The holidays are almost here for happy normal people, that is. But you're over-burdened with elder care at the moment. You're facing difficult decisions for your parents. Health issues, financial ones and even legal ones plaque you.
Will you be forced to put your parent in a nursing home sometime next year? Will your parents still be with you next Thanksgiving? Then the memories of better times start rolling in; almost to the point of over powering you. What about those memories of loved ones who died on holidays? Not only was my grandfather born on Christmas Day, but he also died on his 84th birthday. Even after 33 years, I really miss celebrating my grandfather's birthday on Christmas Day. It was such a big part of my childhood.
And why can't it be like it used to be? If you could have just one more happy Thanksgiving with everyone there and having a good time. No wonder caregivers get depressed during the holidays. While everyone else is scurrying around at the malls buying Christmas presents and spreading joy, you feel left out. Many experts will tell us, you are not alone. Not everyone is as happy as they appear.
In fact, if many folks were more honest about it, there are things about the holidays they don't like, don't want to do, and feel forced to participate in. Have you ever noticed the large numbers of bored men waiting for their wives in malls? Here are 3 tips for avoiding holiday sadness 1. Happiness is something you do, rather than something you feel. Stop worrying that you're supposed to feel better, happier and more cheery. Just do a small favor for someone else; preferably someone who can not repay you.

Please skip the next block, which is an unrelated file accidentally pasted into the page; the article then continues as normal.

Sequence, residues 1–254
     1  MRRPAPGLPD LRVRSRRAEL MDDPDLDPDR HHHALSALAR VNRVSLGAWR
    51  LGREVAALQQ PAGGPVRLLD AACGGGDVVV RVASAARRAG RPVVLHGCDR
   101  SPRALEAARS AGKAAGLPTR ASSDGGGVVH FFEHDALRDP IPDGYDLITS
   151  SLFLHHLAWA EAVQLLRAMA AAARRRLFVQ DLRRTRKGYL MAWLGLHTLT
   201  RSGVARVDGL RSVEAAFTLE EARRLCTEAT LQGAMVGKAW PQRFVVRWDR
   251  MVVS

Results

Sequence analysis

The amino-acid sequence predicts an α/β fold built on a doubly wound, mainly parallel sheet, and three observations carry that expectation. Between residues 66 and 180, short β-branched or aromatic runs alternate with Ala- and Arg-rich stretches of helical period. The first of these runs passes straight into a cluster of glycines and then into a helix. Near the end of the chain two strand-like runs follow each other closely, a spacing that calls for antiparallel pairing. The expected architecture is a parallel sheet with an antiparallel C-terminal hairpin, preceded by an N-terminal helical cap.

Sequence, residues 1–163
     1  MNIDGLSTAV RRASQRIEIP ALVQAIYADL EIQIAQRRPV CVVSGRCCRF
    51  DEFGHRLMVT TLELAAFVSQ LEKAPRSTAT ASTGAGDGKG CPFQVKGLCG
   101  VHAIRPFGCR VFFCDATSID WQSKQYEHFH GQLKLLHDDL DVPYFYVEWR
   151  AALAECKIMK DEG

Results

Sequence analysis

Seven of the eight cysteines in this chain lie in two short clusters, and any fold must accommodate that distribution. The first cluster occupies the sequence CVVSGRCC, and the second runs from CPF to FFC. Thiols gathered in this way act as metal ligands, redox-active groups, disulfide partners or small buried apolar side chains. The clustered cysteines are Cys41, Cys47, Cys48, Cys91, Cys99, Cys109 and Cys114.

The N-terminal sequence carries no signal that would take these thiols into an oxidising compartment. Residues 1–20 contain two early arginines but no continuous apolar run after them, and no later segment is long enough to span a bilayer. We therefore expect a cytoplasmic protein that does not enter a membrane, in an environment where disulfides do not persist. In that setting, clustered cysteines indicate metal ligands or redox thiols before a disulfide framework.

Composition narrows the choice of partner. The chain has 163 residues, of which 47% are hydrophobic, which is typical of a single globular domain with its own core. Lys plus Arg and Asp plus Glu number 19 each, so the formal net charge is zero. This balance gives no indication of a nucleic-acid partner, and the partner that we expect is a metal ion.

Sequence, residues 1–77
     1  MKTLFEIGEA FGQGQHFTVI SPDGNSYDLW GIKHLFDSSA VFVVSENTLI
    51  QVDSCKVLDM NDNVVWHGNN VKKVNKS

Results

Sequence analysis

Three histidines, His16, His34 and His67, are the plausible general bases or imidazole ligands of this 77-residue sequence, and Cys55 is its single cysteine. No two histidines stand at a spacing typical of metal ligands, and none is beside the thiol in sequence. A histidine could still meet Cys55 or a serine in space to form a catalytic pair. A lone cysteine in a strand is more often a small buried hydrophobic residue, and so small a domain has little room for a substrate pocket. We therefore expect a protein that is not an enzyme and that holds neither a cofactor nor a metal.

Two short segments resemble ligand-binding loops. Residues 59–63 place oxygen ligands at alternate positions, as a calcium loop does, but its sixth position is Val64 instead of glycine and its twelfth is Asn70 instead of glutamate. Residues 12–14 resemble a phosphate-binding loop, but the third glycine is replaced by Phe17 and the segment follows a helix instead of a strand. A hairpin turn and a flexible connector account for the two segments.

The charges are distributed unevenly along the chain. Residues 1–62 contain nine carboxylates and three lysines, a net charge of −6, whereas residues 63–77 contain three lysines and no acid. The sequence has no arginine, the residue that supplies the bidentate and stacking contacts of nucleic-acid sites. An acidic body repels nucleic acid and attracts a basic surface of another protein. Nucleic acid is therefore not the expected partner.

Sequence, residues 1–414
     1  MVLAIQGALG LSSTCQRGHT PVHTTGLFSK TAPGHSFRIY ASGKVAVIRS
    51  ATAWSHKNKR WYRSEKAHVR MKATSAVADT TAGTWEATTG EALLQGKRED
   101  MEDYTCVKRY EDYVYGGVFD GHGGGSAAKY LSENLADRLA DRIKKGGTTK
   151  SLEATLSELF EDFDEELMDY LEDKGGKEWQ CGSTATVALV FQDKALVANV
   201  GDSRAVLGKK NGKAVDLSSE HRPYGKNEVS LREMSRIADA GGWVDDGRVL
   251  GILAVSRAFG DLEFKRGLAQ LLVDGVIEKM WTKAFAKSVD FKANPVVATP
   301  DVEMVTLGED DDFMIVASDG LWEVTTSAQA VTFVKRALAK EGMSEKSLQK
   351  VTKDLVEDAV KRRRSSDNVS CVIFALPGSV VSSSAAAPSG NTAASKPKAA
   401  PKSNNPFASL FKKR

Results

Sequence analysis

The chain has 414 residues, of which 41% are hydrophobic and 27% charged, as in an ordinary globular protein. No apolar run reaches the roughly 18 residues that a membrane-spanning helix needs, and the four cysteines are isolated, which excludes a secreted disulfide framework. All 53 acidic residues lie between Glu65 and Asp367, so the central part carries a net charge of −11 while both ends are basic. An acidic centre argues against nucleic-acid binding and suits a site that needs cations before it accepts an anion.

A child who will not receive presents or a senior citizen who has no family are waiting for you. Every town and city are full of people who need you. 2.
Quit trying to recapture lost memories and make new ones. We all have our ideas on how it's supposed to be and how it used to be. Okay, things change. Make some new traditions and build new memories. Forget the hassle and mess of putting up that giant Christmas tree at your house.
Instead why not loan your decorations to a nursing home for the season? Help put up a tree for the nursing home residents who will sit and enjoy it for many hours. 3. Indulge yourself in one small thing. Maybe this sounds a little selfish, but I don't think so. Before you can really help others you need to recharge your own batteries. Do you want a day off where you can go anywhere you please without having to take your aging parent with you? Arrange it.
Have someone else stay with your parent. If you are caring for a parent in a nursing home, get away for a little while. Take a small vacation from the responsibilities for a few hours. You'll be able to do so much more when you get back. The holidays do not have to be sad times for caregivers. Remember there's a lot of stress out there for everyone and the happiest folks are the ones who plan for and work through their own personal circumstances.
Alice Stevens is actively involved in issues affecting the aged and their caregivers. She writes regularly for the blog Aging Parents Authority. http://www.agingparentsauthority.com